Third a positive reinforcement plan of action needs to take place. Sadly, most people are still training stays in a reactive “correct them if they move” manner rather than with a positive reinforcement route. True training of the stay cue with skilled contingent application of appetitive consequences (treats, toys) must take place. If your dog struggles with the stay, ask yourself, how often do you actually reinforce that behavior? Too often in agility it is the release forward that is the only reinforcement offered for the stay, which can break the stay down over time. I recommend a release backward to reinforcement for this particular behavior, which is not only helpful to be sure the “stay zone” is where reinforcement occurs but is also quite sustainable–teach the dog to spin back to his leash as his reward and you’ve got a built in reinforcer you can take into the ring. Here is a video of this skill:

Fourth, if no solution has been arrived at or if, more commonly, the dog’s reinforcement history for the problem behavior is so strong that the handler or trainer is still seeing resurgence of the problem behavior, some differential reinforcement procedures may be considered. A cornerstone of differential reinforcement procedures is to be sure reinforcement does NOT occur for the undesired behavior; meaning that a dog who breaks out of a start line stay should not be allowed to continue running the course. The dog should get reinforced (either allowed to run or spun back to his toy/leash) for anything that is NOT premature breaking, and the dog should be either removed from the ring (the only option in most competition venues) or re-set to try again. During the time that this procedure is being carried out, it is important that the dog is not allowed to take one piece of equipment, which is where shorter lead outs should be done until the behavior is reliable. I often coach clients on smart application of this procedure for start lines only after all three of the above steps have been carried out.

Fifth a trainer might apply an extinction, negative reinforcement, or negative punishment procedure to the start line problem. Within my personal training ethics, I might apply a negative punishment procedure that was a simple removal from the arena or ring when the dog breaks the start line, that ends all future reinforcement for the dog for the time being. So, walking off the course and putting the dog up for a little while is what that would look like. This is used too liberally and without planning or consistency in our sport, and it saddens me. The only proper application of it is here, fifth, nearly dead last in our options. Not only should it be considered only after the previous four steps have been tried; I’d argue it won’t be effective without those steps in place either. Extinction and negative reinforcement fall outside the realms of my comfort for solving performance training problems.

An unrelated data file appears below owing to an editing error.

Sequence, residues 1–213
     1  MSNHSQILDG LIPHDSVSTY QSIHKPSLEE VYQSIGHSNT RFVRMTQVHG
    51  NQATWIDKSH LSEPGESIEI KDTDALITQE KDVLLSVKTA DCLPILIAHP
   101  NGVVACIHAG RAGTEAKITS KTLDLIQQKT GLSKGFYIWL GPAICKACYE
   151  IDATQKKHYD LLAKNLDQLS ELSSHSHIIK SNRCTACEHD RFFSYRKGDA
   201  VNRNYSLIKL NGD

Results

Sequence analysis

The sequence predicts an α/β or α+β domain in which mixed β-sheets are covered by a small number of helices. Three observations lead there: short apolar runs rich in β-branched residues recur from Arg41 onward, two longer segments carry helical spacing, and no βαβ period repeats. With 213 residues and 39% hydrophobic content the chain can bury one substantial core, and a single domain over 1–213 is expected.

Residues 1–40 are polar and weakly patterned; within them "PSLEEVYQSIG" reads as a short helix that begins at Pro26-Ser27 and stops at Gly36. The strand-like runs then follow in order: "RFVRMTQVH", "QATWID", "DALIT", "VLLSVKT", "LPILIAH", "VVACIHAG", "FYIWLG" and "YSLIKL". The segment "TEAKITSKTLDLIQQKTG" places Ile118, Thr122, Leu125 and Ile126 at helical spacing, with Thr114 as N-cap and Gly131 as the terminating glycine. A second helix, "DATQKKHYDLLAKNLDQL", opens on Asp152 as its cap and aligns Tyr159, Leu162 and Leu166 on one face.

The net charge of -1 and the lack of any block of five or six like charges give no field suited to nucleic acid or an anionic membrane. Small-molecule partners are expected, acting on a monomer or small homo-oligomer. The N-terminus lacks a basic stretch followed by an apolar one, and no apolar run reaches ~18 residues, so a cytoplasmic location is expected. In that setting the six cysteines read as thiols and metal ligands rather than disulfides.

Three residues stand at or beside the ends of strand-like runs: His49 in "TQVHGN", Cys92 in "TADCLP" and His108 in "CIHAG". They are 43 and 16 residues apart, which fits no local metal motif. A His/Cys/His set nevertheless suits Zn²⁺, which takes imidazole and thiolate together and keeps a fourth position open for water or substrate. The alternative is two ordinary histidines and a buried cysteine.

For performance training purposes, my personal opinion is that the hierarchy stops here. The sixth and final stop in the road (and most of the fifth stop) outlined above may have a place in life-threatening behavior change scenarios, but they do not have a place in performance. However, for demonstration’s sake, let’s look at what that final stop might look like in our scenario. 

Sixth the application of a contingent aversive consequence might be applied to the dog that breaks the start line. This commonly takes the form of a collar correction (yes, no matter how mild, it belongs in this category), throwing something at the dog, a person stepping on the leash the dog is still wearing (likely unbeknownst to him), a loud noise, a spray of water, or any other variety of yucky things dogs hate. The fallout of negative emotions is why this option is last, and why it doesn’t exist in my hierarchy of acceptable interventions for sport dogs.

The next time you are facing a performance struggle with your dog, consider these steps. Be sure you are not jumping down the line and skipping valuable stops in the road. Keeping the fifth and sixth stops off the table keeps our training “on its toes” so to speak; it sees to it that we truly exhaust all of our options, every time. As far as what is acceptable to us and what we will reach for first; we must all decide for ourselves, and certainly circumstances will change things from time to time. Honoring the dog’s experience is my cardinal rule and that cancels out a few options for me–something my dogs and I remain happy about.